TALKING: Fate. Possessed. Chosen. Demons. God. Jesus. It's your typical exorcist chatter. It seemed like we were going to get some rules that would later matter. But those rules consisted of "demons have knowledge of the unknowable," and also you've got to get the devil/demon's name. Devils HATE when you get their name. Lame. Score: 3

SIGHTS: At least we have Rome. That's what I thought when Michael heads there after what seemed like 20 minutes. Where else would exorcism school be? Really, we're mainly at Father Lucas' house once we get overseas, so we rarely get to see the beauty of the city. What about those who are possessed? It seems like people get bug-eyed and very veiny. So think of them as babies or really old. Take your pick. Score: 4

SOUNDS: Whispers, loud voices, shouting and groaning. Once again, it's basic exorcist stuff with none of it adding any pop. It definitely doesn't lead to any scares, which for some reason I thought was the point of this film. My bad. Oh wait, no it's not. This film is filed under "horror." Score: 3


BEST SCENE: Hopkins first scene is the best. It allows you to think for just a little while that this material doesn't matter. He's just fun to watch. Father Lucas doesn't care what Michael believes, he just wants him to follow a few simple rules and stay out of the way.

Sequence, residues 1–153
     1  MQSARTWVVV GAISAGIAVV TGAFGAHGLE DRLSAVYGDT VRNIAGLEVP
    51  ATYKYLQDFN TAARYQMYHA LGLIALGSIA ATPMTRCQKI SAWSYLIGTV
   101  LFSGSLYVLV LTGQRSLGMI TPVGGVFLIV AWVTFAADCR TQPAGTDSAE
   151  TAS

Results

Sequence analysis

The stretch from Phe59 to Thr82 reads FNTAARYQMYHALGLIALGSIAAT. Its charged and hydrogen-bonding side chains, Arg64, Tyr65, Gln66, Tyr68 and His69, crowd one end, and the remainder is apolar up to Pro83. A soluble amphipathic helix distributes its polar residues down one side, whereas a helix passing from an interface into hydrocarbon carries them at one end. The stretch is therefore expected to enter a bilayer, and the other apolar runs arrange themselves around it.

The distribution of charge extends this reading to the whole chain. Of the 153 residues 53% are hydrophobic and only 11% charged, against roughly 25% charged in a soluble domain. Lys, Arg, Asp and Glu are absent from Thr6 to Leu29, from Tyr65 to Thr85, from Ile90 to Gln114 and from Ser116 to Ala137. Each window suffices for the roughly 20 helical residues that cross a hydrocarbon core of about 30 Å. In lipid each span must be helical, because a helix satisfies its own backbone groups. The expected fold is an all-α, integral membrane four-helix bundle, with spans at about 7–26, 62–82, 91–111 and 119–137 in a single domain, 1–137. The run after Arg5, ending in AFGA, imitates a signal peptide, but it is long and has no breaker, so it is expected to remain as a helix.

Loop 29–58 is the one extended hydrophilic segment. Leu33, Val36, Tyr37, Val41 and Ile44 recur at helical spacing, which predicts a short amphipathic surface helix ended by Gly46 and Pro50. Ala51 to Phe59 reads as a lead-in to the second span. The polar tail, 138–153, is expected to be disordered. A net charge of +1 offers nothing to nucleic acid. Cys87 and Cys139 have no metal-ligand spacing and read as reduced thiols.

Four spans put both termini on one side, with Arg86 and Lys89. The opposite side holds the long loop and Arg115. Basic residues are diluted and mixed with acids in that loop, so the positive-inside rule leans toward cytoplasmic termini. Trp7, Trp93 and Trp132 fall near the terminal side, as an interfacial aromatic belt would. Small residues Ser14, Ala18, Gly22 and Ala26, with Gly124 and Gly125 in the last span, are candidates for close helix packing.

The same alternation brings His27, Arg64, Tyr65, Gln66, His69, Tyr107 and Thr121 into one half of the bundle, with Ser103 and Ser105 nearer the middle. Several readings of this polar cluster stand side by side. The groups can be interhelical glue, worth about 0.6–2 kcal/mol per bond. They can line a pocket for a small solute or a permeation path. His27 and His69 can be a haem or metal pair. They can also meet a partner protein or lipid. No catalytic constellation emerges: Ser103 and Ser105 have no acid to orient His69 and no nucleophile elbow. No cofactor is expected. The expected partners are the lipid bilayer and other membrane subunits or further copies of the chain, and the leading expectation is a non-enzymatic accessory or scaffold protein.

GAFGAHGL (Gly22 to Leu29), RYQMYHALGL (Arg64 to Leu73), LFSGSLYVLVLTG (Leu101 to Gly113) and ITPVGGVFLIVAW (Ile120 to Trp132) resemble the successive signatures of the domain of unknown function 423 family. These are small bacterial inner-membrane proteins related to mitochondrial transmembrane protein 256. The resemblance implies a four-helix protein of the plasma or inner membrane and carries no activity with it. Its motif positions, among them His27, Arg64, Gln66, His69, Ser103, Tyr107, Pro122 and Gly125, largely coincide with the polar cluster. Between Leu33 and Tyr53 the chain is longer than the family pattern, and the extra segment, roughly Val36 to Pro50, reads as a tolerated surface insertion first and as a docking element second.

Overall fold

ENDING: Who shouts the loudest wins, right? It seems that things work out for some, and we're even given a little glimpse into the "true events."

QUESTIONS: First, let's talk about the little boy who Father Lucas is treating. He sees the boy has huge hoof bruises all over his body. Father Lucas first doubts and questions the mother. Then, he fakes healing with a frog. This makes NO sense for what Father Lucas believes and what the purpose of any of this is. Now, please allow me to rant about product placement (or you can skip the rest). Really McDonald's? Nostalgic for home, Michael stops in to McDonald's for a McCafe. In the very next scene, Angeline tells him she'll take him to get a real cup of coffee. So, hasn't this product placement failed on two levels? You've now dissed the coffee and you've associated yourself with an exorcist movie. Well done.

REWATCHABILITY: No. If I need another exorcism movie, I'd consider rewatching The Last Exorcism.


I don't believe in ghosts, but I love a good creepy ghost story. I don't believe in demonic possessions. But I ... wait, hold that though. The main problem with The Rite is that I must believe to get any spine-tingling joy or power out of this film. The first scare doesn't come until 30 minutes into the film. There is a tremendous amount of talk about belief, yet the film talks in absolutes. In this movie world, there is really no room to question that demonic possession doesn't actually happen. Plus, it's talked about a little bit, but I found all conversation discussing mental health vs. demonic possession to be insulting. This movie exists in theaters because Hopkins signed on. He does have The Rite, but that doesn't mean we have to watch.


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The Mechanic